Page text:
Reducing GHG emissions enough to slow climate change mathematically requires massive reductions from individuals and companies everywhere. Fortunately the products and methods evolving to achieve such reductions will save you and your community money while creating local jobs and building energy independence.
Your “carbon” footprint is the total direct and embodied greenhouse gas (GHG) emissions due to your purchases and usage of products and services; the normal measure is metric tons (1000 kg) of CO2 equivalent, or MTCO2e. If your car gets 20 miles per gallon then your exhaust pipe emits about one pound of pollution for every mile you drive. You generally cause GHG emissions from your transportation, your housing, your food, and goods and services you buy. Similarly, businesses cause GHG emissions from the transportation, buildings, and goods and services they buy or lease, and from some industrial processes.
Visualize your emissions
CO2 is invisible and odorless, but you can think of balloons full of CO2 continuously popping out of your tailpipe or your gas furnace. Burning 80 gallons of gasoline or diesel creates about one ton of CO2 pollution. One metric ton of CO2 pollution would fill a 33-foot sphere, and one day of New York City’s emission spheres would bury the Empire State Building.
Americans emit on average 17 MTCO2e per year, and all of us cause various quantities of emissions. The emissions directly caused by our consumption include those from transportation and housing; the food, goods, and services we buy emitted GHGs in their creation (“embodied emissions”) and can be calculated on a macro basis but there is little infrastructure to track embodied emissions by product.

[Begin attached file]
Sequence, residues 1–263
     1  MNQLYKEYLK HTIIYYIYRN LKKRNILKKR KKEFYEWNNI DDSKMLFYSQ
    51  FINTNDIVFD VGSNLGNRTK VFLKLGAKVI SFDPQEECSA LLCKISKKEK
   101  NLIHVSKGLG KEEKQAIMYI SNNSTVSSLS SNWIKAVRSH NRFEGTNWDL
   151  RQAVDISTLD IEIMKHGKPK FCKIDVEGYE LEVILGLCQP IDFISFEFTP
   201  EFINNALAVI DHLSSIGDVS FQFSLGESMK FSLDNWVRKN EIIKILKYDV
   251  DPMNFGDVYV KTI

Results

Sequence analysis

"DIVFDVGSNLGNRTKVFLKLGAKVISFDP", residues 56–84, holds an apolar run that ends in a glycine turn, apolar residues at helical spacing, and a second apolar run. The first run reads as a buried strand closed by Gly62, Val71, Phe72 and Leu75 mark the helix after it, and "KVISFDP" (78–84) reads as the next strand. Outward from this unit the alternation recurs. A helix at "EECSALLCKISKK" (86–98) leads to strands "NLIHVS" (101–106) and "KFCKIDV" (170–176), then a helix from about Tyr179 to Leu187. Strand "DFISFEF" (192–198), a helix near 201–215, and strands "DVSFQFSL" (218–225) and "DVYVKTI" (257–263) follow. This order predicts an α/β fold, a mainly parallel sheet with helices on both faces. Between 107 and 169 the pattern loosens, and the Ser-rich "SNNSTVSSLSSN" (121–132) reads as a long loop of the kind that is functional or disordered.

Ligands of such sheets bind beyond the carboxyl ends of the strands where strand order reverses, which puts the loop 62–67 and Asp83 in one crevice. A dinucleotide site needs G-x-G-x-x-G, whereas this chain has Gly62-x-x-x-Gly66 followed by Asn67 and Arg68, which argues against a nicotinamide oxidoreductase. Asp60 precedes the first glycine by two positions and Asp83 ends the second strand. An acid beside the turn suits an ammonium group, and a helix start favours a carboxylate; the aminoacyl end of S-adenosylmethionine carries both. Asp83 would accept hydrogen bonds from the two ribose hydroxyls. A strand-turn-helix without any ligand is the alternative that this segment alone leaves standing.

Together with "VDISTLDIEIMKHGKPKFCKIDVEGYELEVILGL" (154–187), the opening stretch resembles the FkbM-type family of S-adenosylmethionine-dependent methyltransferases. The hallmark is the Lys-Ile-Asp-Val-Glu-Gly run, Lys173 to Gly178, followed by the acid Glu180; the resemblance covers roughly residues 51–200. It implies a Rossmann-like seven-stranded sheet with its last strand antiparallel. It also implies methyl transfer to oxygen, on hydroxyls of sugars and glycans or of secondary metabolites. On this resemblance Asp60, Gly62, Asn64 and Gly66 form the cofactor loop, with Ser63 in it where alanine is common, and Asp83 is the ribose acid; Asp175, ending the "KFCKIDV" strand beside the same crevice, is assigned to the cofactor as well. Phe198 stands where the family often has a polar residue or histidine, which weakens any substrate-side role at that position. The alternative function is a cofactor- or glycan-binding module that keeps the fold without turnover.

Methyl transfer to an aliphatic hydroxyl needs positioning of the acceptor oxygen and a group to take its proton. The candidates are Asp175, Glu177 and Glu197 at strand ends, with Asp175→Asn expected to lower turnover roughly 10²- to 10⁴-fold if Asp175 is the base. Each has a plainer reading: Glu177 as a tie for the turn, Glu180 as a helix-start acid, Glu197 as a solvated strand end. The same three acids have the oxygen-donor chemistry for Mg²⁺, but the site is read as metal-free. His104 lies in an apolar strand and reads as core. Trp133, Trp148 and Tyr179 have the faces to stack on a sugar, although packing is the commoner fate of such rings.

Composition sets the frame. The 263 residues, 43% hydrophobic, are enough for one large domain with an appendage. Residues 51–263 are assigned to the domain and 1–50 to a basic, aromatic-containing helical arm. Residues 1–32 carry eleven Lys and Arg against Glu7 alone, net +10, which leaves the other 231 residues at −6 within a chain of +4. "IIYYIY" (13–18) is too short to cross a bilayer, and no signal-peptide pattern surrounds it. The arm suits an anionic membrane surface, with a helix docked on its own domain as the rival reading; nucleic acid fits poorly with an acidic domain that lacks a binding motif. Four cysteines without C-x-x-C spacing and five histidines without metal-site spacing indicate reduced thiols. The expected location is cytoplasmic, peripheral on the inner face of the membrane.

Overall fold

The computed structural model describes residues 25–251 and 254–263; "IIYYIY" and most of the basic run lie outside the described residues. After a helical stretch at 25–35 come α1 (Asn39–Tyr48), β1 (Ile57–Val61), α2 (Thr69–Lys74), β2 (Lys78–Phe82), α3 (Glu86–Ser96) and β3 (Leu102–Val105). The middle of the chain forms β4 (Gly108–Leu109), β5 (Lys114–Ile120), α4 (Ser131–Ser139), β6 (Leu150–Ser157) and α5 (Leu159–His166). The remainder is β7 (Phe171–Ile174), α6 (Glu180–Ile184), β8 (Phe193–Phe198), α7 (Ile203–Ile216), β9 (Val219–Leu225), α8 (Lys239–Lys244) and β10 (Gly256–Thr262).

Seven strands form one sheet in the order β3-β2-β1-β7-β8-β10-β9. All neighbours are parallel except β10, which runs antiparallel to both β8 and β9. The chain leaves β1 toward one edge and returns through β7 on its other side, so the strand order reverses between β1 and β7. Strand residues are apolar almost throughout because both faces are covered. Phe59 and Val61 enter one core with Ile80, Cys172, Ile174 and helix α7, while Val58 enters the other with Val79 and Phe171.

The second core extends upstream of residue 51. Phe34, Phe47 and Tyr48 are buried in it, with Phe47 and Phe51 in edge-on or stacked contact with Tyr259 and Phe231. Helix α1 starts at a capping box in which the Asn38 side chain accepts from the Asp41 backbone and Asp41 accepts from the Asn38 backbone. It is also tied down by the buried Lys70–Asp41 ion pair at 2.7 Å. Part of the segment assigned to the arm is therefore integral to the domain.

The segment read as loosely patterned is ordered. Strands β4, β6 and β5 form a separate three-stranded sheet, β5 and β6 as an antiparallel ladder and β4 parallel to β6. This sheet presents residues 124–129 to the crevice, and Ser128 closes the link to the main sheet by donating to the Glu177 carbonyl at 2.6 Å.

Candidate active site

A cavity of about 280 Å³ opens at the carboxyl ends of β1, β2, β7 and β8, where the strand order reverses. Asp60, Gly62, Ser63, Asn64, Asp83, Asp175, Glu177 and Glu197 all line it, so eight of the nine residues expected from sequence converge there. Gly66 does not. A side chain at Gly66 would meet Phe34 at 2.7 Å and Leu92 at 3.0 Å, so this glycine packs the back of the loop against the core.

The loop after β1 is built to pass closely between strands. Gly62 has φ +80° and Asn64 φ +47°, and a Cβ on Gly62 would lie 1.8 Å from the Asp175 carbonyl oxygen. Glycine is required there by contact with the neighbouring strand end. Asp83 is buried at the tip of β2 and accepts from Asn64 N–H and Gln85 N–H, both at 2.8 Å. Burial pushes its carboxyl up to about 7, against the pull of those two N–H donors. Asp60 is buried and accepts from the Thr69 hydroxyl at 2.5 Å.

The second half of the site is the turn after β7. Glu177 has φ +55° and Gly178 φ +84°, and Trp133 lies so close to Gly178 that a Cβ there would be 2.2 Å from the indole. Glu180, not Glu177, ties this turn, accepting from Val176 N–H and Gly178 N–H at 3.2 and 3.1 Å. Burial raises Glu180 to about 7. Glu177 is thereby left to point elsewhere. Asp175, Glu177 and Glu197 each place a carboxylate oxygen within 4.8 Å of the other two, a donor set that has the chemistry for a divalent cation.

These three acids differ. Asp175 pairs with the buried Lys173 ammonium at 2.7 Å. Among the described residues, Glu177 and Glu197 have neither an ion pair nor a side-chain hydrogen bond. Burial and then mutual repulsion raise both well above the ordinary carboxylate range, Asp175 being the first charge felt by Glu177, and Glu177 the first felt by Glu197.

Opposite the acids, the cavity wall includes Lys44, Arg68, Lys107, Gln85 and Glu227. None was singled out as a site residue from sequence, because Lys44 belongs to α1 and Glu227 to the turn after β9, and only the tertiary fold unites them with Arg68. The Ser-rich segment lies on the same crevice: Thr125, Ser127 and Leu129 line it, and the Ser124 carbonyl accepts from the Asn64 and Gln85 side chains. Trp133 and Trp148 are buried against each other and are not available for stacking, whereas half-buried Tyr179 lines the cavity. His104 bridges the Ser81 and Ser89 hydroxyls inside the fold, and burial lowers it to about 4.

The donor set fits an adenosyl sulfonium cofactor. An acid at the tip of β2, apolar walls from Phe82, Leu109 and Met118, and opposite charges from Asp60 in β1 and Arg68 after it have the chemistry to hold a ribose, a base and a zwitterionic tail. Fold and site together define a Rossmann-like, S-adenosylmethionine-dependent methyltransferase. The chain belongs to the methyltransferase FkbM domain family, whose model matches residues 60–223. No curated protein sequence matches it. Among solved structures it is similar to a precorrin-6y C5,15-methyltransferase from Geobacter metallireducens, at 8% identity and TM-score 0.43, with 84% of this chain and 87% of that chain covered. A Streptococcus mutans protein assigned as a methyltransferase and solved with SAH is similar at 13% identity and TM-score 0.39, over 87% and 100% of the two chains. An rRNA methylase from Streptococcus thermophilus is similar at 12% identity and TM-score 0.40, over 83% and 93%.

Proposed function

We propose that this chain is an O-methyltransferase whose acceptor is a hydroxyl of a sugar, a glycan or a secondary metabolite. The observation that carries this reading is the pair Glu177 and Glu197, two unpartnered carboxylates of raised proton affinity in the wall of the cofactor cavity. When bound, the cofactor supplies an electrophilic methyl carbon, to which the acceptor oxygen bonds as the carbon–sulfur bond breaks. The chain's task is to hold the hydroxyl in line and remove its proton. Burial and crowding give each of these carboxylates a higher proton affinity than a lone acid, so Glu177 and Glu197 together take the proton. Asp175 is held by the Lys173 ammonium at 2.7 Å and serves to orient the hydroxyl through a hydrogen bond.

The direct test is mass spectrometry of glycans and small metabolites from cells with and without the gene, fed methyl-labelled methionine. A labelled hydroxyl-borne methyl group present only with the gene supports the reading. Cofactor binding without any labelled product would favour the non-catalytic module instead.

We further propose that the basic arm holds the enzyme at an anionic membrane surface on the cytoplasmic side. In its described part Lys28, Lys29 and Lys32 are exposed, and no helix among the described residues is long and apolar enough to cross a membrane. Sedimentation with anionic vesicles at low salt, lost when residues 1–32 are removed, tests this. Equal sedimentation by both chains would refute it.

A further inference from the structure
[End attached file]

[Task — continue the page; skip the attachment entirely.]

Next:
Calculate your footprint
Of the various carbon calculators available on the web, the Berkeley calculator provides good accuracy, a range of simplicity or complexity, comparisons to averages in your area, and quantified suggestions for improvements. It quantifies your largest emission sources and you can use such a calculator to periodically track progress (annually is good) or compete with others.
Notes specific to the Gorge: Electricity in the city of Hood River is from Pacific Power, which is about 2/3 coal (about 20% higher emissions than the calculator’s US average) unless you buy clean electricity. Wasco PUD and Klickitat PUD source most of their power from hydro and wind, or essentially clean.
Fix your personal footprint!
Hacking your footprint is fun and rewarding, but don’t expect to fix it overnight.
Here is a video series with 30 easy ways to reduce your footprint.
Here are many ways to save energy and reduce emissions, from the US Department of Energy.
Here is a list of actions you can take to reduce emissions from your housing, starting with simple behavior changes you can make immediately and progressing through remodeling your insulation and heating systems.
Here is a list of considerations if you are building or remodeling a house.
Here is a presentation about how a family can cut their emissions in half over a decade or so. If households and companies everywhere achieved that much reduction in the next ten years, we’d be on target for roughly 1°C of warning instead of 3.5°C.
Deep Green Movie (2 hours), produced by Matt Briggs of Lake Oswego, gives examples of changes we can make to our housing and transportation.